Ticketmaster Summer in Stages

The Marriage of Figaro

Wolfgang Amadeus Mozart, in a version of Da Ponte's libretto by Kit Hesketh Harvey
Armonico Consort
Bath Music Festival The Pavilion, Bath
(2008)

Production photo

The omens weren't fortuitous. Rain was rolling in sheets over Georgian Bath where touring ensemble Armonico Consort were shortly due to take to the stage to perform The Marriage of Figaro as part of the Bath Music Festival.

However, aside from a few sour notes which crept in due to the sheer amount of water evaporating off the packed audience, sending tuning awry, I suspect, this marriage, if not quite made in heaven, offered pleasures of a high order.

It was my first encounter with the group which performed King Arthur at Bath the previous season to considerable acclaim. Since it launched in 2001 as a choral ensemble, Armonico has built a reputation for performing exciting, fun and accessible music around the country in what are often sell-out shows.

Fun was certainly to the fore in this production which couldn't be further from the drear Salzburg production directed by Nikolaus Harnoncourt two years. Tempos were suitably brisk, the action likewise, though the desire to entertain led, at times, to considerable over-egging of proceedings by some of the cast.

But if this Figaro is on the broad side it is in no small part down to the new libretto provided by Kit Hesketh Harvey which, for example rhymes, 'rock on' with 'frock on' and 'come on girlies/we've got him by the short and curlies'.

Quite how you react to this very free translation of Da Ponte's adaptation of Beaumarchais' play is clearly a matter of taste. For the most part it is done with a great deal of chutzpah and, on its own terms, works very well indeed.

In an interview prior to the launch of the tour, director Michael McCaffrey spoke of his reluctance to retain the original 18th century setting of the opera given the idiomatic, very English nature of the new libretto and he pointed up what he felt were the parallels between society then and the 1960s in Britain.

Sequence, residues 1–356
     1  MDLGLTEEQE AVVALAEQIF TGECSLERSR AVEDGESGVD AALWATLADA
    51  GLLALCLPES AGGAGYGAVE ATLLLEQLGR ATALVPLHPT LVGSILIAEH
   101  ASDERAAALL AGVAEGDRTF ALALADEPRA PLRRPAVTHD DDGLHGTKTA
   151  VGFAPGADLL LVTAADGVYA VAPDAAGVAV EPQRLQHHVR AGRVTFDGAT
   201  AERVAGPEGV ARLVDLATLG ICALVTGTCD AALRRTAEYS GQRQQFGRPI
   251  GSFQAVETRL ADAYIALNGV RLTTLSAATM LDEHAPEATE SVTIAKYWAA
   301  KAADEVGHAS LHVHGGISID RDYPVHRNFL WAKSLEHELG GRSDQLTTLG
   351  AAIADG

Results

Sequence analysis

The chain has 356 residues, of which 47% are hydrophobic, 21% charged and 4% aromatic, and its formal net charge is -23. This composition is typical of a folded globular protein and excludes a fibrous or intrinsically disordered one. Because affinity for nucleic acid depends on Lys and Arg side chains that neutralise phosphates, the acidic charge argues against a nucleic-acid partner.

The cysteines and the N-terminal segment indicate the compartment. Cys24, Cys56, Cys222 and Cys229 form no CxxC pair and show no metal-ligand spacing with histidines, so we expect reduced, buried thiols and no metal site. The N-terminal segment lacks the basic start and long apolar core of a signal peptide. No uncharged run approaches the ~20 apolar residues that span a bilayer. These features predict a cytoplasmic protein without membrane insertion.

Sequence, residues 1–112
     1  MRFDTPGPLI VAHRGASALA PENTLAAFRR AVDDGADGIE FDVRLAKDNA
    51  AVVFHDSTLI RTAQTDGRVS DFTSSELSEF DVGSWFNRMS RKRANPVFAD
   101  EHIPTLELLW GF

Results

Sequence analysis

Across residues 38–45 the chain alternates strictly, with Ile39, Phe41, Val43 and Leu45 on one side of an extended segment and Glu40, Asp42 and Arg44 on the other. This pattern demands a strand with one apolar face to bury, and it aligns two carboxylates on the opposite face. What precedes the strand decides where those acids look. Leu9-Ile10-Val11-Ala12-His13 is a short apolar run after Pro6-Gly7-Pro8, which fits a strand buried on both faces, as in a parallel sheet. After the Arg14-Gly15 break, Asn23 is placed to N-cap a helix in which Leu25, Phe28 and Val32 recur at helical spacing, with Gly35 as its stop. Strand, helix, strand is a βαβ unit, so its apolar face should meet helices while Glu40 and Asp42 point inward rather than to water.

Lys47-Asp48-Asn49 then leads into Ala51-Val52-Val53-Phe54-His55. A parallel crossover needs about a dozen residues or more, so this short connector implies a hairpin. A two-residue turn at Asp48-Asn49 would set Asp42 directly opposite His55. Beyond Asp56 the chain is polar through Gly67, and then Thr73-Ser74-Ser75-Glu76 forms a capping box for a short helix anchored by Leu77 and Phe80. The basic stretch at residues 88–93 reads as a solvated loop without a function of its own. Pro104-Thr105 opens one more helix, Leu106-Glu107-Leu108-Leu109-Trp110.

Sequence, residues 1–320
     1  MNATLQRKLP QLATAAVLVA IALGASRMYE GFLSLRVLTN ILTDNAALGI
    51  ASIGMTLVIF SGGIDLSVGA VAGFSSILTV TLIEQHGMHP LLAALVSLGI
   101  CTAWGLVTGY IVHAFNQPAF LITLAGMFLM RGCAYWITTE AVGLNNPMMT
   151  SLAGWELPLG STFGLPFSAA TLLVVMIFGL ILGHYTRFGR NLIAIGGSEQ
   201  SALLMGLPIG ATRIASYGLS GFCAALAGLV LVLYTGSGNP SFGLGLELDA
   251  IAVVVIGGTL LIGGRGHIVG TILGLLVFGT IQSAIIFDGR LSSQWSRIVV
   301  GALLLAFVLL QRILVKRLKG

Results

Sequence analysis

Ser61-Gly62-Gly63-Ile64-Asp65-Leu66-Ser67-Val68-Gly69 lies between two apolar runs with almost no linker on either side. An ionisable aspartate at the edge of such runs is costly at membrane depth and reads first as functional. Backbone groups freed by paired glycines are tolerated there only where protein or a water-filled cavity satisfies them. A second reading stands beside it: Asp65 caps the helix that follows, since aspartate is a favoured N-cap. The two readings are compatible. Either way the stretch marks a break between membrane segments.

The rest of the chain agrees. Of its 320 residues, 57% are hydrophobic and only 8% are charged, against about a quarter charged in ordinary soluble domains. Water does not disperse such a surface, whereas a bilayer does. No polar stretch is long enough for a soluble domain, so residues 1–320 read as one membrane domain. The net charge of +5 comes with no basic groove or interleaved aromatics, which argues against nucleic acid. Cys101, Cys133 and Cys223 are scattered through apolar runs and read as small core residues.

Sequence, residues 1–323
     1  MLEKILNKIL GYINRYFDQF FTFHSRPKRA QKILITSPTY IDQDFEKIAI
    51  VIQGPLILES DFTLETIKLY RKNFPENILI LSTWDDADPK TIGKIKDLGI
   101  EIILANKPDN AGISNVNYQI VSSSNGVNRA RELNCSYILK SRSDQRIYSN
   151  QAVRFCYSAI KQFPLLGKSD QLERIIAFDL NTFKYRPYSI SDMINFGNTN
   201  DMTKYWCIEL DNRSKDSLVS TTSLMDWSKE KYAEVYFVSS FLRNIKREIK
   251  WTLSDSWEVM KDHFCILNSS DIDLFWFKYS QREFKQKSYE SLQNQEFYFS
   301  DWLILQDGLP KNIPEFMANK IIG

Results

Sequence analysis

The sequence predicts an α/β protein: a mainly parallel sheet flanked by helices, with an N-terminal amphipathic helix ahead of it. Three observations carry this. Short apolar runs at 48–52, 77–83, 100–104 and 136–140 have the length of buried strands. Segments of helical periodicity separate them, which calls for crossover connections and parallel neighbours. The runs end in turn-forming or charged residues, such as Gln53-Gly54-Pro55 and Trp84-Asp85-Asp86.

The director added, "It's moving from that period into that time of social revolution And, given the way the aristocrats behave, there are hints of Lord Lucan and Profumo. In Beaumarchais' play I think there's that feeling that this is all coming to an end and that if they don't change its all up for them."

Rather than opt for an out-and-out 60s setting, however, McCaffrey opts for a staging, in part dictated by practical considerations, which mixes elements of the 18th century and anachronisms such as an electric torch and a bag of golf clubs. If all this sounds jarring, it does not, in practice, prove to be the case.

The acoustics were not altogether favourable and some of the singing was lost at times. But there were strong performances from the largely young cast including Kate Flowers, as Marcellina, and baritone John Rawnsley, doubling as Bartolo and Antonio. Daniel Griece was a personable and pleasing Figaro and Joanna Boag was a charming Susannah and Katie Bird a fine Countess.

Musical director Christopher Monks ensured strong support and a confident and enjoyable evening went down a treat with an enthusiastic Bath audience.

Reviewer: Pete Wood